Casing integrity is a major concern in wells drilled through salt zones due to the salt time-dependent behaviour. As wellbore closes, the trapped annular experience a pressure build-up that may subject casing to high loads, leading to its collapse. In this scenario, a big concern of the well design engineers is to predict whether or not the string will fail, and the consequences to the integrity of the production casing, which can lead to serious problems and possibly making any workover infeasible. Therefore this paper focus in the contribution of salt creep to the annular pressure build up (APB) phenomenon, and the consequences of wellbore closure in the integrity of both intermediary and production casings. The analyses involve FEM simulations of different case scenarios with considerations of fluid elements, which can account for fluid compressibility, i.e., pressure build-up as the wellbore closes and pressure relief as the casing collapses.
Many reservoirs can be found beneath Salt formations. This occurrence is favorable because of Salt extremely low porosity and low permeability, which makes it a excellent sealing rock. In through-Salt environments, well integrity in long-term production is a great concern due to rock creep. For deep wells, where high temperature and high pressure are expected, a proper casing design has to be carefully analyzed so as to guarantee a safe operation until well abandonment.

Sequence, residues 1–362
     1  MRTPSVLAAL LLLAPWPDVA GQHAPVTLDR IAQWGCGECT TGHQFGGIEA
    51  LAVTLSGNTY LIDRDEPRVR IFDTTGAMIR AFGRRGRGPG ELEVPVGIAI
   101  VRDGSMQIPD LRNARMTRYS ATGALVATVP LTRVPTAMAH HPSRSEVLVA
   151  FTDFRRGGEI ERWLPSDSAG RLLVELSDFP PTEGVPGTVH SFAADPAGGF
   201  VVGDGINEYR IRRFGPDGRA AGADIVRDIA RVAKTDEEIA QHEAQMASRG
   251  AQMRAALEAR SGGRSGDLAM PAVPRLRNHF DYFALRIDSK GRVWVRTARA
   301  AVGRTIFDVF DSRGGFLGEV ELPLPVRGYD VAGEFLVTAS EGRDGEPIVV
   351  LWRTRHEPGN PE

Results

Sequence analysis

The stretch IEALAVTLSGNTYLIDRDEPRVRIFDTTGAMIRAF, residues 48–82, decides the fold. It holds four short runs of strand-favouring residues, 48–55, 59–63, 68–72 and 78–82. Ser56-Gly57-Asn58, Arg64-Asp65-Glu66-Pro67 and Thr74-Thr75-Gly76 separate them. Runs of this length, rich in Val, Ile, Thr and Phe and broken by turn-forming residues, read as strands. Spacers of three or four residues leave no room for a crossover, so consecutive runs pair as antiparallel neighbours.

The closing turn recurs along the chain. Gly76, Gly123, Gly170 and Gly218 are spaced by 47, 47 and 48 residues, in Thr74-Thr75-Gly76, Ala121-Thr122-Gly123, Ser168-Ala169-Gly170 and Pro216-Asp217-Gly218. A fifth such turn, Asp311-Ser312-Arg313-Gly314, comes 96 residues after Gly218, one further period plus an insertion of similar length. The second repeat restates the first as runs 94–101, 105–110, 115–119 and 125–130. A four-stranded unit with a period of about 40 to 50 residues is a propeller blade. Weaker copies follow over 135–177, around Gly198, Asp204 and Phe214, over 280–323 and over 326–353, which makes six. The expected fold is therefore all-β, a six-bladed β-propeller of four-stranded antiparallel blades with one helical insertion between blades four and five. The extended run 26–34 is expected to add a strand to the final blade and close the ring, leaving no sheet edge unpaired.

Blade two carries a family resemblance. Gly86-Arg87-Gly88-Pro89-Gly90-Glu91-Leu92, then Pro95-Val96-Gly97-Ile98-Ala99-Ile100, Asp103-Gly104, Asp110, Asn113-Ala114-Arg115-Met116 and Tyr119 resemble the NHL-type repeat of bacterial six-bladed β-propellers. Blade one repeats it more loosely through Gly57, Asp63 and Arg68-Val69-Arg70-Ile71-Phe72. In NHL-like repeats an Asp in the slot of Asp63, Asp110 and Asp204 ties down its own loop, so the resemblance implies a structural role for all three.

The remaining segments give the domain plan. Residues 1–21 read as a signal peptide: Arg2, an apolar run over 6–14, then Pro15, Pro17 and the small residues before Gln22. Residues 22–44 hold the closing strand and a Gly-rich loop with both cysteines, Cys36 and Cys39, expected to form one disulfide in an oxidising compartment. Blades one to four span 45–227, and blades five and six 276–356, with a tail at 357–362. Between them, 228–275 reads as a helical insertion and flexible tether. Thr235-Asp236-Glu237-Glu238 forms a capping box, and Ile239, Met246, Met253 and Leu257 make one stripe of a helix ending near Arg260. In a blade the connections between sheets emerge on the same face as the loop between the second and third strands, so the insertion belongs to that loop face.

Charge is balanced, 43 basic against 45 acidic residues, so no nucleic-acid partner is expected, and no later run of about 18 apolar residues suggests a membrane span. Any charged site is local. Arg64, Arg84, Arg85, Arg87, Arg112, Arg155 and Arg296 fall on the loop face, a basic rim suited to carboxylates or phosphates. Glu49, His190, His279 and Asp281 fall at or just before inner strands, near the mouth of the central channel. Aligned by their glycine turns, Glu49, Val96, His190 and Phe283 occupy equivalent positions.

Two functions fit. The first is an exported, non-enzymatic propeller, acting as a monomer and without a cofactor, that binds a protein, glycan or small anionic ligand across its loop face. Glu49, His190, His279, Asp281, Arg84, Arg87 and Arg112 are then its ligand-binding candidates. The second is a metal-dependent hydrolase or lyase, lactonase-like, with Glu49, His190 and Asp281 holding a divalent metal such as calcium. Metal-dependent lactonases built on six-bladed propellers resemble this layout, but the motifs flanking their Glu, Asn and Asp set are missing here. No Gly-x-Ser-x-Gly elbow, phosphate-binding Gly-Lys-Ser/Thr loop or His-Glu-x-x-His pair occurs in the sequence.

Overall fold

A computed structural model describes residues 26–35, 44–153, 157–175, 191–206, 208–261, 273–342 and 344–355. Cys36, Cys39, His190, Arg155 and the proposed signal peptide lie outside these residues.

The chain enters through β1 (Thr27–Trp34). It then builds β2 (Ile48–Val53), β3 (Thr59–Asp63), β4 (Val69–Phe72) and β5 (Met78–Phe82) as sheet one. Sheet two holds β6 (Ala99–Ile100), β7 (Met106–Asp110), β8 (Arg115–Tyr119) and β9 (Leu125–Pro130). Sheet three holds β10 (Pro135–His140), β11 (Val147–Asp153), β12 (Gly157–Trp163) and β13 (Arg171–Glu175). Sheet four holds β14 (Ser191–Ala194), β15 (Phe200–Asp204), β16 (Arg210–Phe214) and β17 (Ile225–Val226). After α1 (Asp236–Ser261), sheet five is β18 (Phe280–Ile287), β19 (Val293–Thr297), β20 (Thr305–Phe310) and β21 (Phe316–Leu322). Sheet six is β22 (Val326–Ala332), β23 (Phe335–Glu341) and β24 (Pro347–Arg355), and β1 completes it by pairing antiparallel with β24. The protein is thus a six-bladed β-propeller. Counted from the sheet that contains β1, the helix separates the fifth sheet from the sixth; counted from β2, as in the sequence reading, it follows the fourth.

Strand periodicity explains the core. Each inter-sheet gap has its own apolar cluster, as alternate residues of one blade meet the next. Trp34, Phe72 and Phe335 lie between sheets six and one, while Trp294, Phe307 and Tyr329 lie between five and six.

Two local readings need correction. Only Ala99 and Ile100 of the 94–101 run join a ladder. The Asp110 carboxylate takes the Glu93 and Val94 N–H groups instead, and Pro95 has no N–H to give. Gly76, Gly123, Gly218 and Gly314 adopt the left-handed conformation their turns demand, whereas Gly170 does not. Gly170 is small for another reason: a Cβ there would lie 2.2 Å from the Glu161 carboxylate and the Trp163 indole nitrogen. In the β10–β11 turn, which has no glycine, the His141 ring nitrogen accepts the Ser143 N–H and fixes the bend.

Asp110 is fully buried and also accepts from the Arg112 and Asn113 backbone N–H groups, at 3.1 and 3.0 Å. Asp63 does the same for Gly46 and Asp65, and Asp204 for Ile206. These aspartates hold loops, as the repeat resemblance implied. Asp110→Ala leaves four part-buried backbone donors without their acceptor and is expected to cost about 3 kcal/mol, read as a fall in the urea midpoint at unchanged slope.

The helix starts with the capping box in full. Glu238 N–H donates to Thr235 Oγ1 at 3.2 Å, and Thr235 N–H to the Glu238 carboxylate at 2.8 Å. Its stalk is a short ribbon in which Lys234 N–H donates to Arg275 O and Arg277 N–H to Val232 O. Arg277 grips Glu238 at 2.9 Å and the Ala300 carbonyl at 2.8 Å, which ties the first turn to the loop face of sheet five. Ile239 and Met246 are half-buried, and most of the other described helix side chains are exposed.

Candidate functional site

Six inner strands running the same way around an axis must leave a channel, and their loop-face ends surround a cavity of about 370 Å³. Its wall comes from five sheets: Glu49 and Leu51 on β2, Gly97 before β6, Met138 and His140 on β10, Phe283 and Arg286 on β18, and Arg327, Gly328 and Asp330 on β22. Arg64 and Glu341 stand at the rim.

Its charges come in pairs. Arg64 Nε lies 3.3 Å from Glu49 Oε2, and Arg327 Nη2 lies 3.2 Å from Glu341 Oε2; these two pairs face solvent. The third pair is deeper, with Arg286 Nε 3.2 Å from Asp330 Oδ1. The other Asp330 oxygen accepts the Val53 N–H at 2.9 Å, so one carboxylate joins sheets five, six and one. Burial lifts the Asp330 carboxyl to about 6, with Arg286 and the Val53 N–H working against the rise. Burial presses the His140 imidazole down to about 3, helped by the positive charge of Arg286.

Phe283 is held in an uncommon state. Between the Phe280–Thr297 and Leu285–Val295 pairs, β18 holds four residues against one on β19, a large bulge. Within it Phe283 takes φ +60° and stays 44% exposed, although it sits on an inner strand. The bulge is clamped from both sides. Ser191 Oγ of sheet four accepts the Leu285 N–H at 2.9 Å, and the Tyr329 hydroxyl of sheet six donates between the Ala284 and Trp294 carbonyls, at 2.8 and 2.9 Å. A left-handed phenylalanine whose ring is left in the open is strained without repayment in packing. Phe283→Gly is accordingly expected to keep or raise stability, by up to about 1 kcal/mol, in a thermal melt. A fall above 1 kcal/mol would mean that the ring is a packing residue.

When crossing Salt formations, intermediary casing has an extremely important role, as it must protect production casing from Salt-related problems. To assure production casing integrity, a series of studies have to be conducted so as to determine whether the casing configuration will withstand different types of loads over time. One of these studies is the analysis of the pressurization on the annulus above top of cement, which can lead to casing system collapse due to trapped drilling mud.